Browse Prior Art Database

Method and Process For Capturing, Organizing, Analyzing, and Applying User Experience Information

IP.com Disclosure Number: IPCOM000022354D
Original Publication Date: 2004-Mar-10
Included in the Prior Art Database: 2004-Mar-10
Document File: 2 page(s) / 35K

Publishing Venue

IBM

Abstract

Method and process for capturing, organizing, analyzing, and applying software user experience information

This text was extracted from a PDF file.
This is the abbreviated version, containing approximately 51% of the total text.

Page 1 of 2

Method and Process For Capturing, Organizing, Analyzing, and Applying User Experience Information

Disclosed is a centralized method for capturing, organizing, analyzing, and applying user experience information from diverse sources to improve software products and to enhance the overall customer and user experience.

User experience information means information relating to all aspects of a user's experience, from selecting, purchasing, installing, and using a solution to obtaining service and maintenance.

User experience information is available from customers and from employees of the company who sells the products, but it is not always captured completely or consistently. Frequently, it remains in people's heads, or it ends up in many disconnected documents and databases with different formats. What is more, even when this information is gathered in any manner, it is not categorized by the characteristics that would be most helpful for to improving future releases of software. This information can be available from employees in many different disciplines, including:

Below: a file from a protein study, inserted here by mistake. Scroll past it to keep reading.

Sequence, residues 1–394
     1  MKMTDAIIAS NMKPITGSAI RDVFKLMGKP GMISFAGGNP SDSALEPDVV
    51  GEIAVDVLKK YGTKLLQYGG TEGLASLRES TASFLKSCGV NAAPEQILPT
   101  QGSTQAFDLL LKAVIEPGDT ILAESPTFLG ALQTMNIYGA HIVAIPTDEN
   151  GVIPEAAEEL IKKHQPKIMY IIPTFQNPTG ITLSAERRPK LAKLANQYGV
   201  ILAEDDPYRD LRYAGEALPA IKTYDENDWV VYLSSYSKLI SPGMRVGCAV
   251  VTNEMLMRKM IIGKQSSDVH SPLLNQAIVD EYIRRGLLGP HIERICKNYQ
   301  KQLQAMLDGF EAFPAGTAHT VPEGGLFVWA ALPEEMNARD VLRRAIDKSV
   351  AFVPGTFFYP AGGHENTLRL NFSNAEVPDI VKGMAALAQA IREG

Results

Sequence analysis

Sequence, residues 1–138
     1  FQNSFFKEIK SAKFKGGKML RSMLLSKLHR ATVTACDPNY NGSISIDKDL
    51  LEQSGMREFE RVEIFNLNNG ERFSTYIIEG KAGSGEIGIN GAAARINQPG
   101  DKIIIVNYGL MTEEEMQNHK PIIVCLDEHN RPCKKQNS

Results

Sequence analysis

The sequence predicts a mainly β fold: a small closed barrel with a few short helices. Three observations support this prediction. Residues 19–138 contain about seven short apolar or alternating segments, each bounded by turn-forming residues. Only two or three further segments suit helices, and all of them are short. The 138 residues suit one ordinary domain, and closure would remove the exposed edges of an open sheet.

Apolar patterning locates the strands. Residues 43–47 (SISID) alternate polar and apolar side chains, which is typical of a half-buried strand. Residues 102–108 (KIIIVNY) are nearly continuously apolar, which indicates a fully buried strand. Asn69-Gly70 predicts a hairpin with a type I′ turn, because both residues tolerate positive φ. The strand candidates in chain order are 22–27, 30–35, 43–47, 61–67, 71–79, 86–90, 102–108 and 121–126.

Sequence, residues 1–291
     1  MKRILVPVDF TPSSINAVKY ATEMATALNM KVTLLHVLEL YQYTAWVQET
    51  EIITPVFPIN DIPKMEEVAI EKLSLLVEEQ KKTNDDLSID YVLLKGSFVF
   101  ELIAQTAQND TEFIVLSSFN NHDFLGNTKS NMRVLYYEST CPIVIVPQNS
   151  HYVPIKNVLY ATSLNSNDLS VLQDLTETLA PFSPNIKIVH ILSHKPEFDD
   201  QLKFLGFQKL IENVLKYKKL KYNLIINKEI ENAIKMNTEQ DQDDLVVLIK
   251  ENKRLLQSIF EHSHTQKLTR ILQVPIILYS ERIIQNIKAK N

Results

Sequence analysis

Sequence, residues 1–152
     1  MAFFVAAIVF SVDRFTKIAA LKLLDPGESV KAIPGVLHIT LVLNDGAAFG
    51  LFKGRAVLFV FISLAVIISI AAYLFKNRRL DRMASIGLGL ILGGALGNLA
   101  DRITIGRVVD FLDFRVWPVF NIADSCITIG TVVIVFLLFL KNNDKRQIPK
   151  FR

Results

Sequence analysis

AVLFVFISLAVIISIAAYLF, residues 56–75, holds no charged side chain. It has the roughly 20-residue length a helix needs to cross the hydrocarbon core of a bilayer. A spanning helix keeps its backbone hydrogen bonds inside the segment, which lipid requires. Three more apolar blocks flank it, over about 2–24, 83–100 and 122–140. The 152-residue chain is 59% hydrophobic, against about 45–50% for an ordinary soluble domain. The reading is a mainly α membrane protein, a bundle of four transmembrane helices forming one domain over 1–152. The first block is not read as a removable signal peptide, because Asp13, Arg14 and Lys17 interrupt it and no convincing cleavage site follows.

Support groups (help desk, technical support, change teams, etc.): e.g., via the nature of their everyday jobs responding to user problems Development, information development and test groups: e.g., via beta test results/forums and customer involvement programs and visits Human-computer interaction groups: e.g., via user interviews, such as interaction design interviews

This invention clarifies how to not only aggregate this information, but to tie it to geographical locations in order to most effectively leverage the data obtained. If this customer data were to be captured and organized in a centralized manner, it could be analyzed and applied to improve products to truly meet user goals. Right now, the vast majority of this potentially valuable information is being lost in a maze (not everyone knows about all the various locations where it exists, and even if they did, it would be "information overload" to read thru it all in so many different locations and formats). Further, some information exists only in people's heads (it has never been written down). So there is no way to analyze it as a whole to see potential patterns in the data and connect all the dots. We need to capture the data in a standard way (via a series of well-thought-out Web forms), organize it in a database, analyze it using database and GIS tools, and apply it by making the relevant, analyzed data an invaluable part of the input to product concepts and plans.

Importantly, the CUPRIMDSO rub...